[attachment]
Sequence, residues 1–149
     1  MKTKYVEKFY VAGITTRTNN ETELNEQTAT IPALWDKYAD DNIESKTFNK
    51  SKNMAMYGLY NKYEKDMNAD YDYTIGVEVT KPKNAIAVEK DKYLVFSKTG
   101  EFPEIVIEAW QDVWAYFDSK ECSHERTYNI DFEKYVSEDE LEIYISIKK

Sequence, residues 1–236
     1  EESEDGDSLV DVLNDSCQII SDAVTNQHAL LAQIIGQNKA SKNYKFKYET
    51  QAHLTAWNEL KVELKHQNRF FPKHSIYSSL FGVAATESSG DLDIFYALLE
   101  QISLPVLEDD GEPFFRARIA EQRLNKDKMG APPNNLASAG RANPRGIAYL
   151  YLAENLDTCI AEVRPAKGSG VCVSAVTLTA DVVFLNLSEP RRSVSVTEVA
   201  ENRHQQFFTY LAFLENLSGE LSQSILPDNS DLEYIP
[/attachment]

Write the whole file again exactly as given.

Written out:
Sequence, residues 1–149
     1  MKTKYVEKFY VAGITTRTNN ETELNEQTAT IPALWDKYAD DNIESKTFNK
    51  SKNMAMYGLY NKYEKDMNAD YDYTIGVEVT KPKNAIAVEK DKYLVFSKTG
   101  EFPEIVIEAW QDVWAYFDSK ECSHERTYNI DFEKYVSEDE LEIYISIKK

Sequence, residues 1–236
     1  EESEDGDSLV DVLNDSCQII SDAVTNQHAL LAQIIGQNKA SKNYKFKYET
    51  QAHLTAWNEL KVELKHQNRF FPKHSIYSSL FGVAATESSG DLDIFYALLE
   101  QISLPVLEDD GEPFFRARIA EQRLNKDKMG APPNNLASAG RANPRGIAYL
   151  YLAENLDTCI AEVRPAKGSG VCVSAVTLTA DVVFLNLSEP RRSVSVTEVA
   201  ENRHQQFFTY LAFLENLSGE LSQSILPDNS DLEYIP